November 1978, in the United Kingdom. Margaret Thatcher was gaining popularity as the leader of the opposition and Sex Pistols' debut album, a frequently referenced landmark in UK punk and counterculture, was just over a year old. Britain's Winter Of Discontent was about to bite harder than many people had imagined.
The Jam had released their sophomore 1977 LP, 'This Is The Modern World' just a couple of weeks after the infamous Sex Pistols record. While songs such as 'Time For Truth' were political, referring to the current Labour prime minister James Callaghan (Uncle Jimmy), The Jam were a very different kind of outfit to the anarchic Sex Pistols. Some critics and fans were confused about where The Jam were coming from with their modish patriotic themes, reminiscent of those found on Village Green Preservation Society or The Who in one of their flag wearing moments. If Sex Pistols were calling for the destruction of The Empire, The Jam seemed to be mourning its passing.
If The Jam's fans were confused, then fans of Blue Öyster Cult could be forgiven for being confused when the new-wavers were booked to support the '60s rockers on their 1978 US tour. Accounts have it that Paul Weller was left dismayed by the direction that the events of late '77 and early '78 were taking The Jam, causing a kind of make or break attitude among the trio.
Weller said later in an interview with Uncut: "After This Is The Modern World, I thought, 'Am I going to let this slide or fight against it?' My back was against the wall. It was a matter of self-pride."
The resulting set of songs became 'All Mod Cons', and its lead single was a double A-side - ''A' Bomb In Wardour Street' backed with a cover of The Kinks' 'David Watts'.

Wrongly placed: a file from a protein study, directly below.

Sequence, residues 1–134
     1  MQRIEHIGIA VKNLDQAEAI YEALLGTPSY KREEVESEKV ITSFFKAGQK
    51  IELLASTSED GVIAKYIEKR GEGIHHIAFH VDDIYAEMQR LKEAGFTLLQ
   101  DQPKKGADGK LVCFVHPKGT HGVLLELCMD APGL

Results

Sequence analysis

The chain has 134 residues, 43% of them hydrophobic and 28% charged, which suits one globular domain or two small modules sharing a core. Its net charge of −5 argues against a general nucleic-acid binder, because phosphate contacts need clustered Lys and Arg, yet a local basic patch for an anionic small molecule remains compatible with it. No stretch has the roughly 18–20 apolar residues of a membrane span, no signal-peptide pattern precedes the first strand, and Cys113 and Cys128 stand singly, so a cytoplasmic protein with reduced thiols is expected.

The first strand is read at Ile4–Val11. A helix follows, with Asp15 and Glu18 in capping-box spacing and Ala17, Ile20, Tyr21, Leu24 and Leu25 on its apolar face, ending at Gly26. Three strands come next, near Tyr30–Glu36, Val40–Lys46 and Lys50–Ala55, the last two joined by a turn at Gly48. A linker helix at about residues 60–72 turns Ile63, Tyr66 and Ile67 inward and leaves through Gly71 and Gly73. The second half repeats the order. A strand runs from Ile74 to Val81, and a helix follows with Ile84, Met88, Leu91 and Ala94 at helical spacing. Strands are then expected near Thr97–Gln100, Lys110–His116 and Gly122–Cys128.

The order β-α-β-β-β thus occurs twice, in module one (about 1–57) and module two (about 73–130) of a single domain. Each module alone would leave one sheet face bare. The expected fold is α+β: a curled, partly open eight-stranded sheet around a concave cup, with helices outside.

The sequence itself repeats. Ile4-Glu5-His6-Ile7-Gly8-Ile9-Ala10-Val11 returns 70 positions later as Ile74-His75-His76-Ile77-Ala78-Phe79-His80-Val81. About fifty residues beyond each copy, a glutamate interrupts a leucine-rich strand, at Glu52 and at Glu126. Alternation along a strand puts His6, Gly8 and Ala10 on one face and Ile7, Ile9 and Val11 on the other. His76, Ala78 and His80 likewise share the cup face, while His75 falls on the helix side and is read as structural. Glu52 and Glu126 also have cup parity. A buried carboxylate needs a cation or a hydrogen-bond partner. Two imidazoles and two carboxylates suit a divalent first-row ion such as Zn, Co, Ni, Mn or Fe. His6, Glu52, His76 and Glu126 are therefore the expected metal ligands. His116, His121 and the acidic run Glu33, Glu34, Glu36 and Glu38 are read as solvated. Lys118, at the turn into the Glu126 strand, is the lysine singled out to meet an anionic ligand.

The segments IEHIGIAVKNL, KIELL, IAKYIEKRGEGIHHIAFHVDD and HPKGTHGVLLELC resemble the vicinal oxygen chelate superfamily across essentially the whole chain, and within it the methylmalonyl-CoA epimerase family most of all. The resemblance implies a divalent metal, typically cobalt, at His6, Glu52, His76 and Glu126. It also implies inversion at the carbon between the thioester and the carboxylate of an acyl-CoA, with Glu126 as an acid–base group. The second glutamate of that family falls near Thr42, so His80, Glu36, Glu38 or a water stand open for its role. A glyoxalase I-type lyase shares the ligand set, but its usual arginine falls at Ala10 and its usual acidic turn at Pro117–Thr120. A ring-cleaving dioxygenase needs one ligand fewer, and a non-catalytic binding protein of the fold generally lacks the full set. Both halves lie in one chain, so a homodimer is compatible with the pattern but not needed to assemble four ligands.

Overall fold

The crowd-pleasing Kinks' cover, fronted by Bruce Foxton, was backed with ''A' Bomb In Wardour Street' and its damning commentary on the state of the country: "A Philistine nation, of degradation, And hate and war. There must be more".
The second single to come out ahead of the album release was the now iconic 'Down in the Tube Station at Midnight', another scathing account of the state of society, specifically in the Nation's capital at a tense point in UK history. The story of the song tells of a man on his way home to his wife with a takeaway curry, who runs into a gang of far-right youths.
"I first felt a fist, and then a kick, I could now smell their breath, They smelt of pubs and wormwood scrubs, And too many right wing meetings."
Now regarded as one of The Jam's greatest moments, 'Down in the Tube Station at Midnight' was initially discarded by Weller who wasn't happy with the song at first, but was resurrected by the album's producer, Vic Coppersmith, who saw something in the song. In fact, many of the original recordings were rejected by the album's other producer Chris Parry. All part of the challenging rethink that the group were undergoing it seems.
In a review for NME, Charles Shaar Murray said "...not only several light years ahead of anything they've done before but also the album that's going to catapult the Jam right into the front rank of international rock and roll; one of the handful of truly essential rock albums of the last few years."
Weller steered The Jam away from their current course. Their illustrations of impossibly perfect Britishness as a form of social comment took a back seat. Instead, taking the issues full on, describing the offending characters and events in poetic detail. It was the direction that led to The Jam's next LP 'Setting Sons' pulling no punches with its big songs 'Eton Rifles', 'Going Underground' and 'Little Soldiers'.
In a 2009 interview with The Guardian, Weller said "Class issues were very important to me at that time... Woking has a bit of a stockbroker belt on its outskirts. So I had those images – people catching the train to Waterloo to go to the city. 'Mr Clean' was my view of that."
Away from the singles 'All Mod Cons' still had moments like 'English Rose', a loving song describing an English woman or England itself, but it also had the pogoing angry anti-authority of 'Billy Hunt'.
The Jam's commercial and artistic success continued to grow after the change of tack calculated at 'All Mod Cons', culminating in number one chart positions for their final album 'The Gift' and its single 'Town Called Malice'. The Jam had achieved four number one singles by their surprise split in 1982.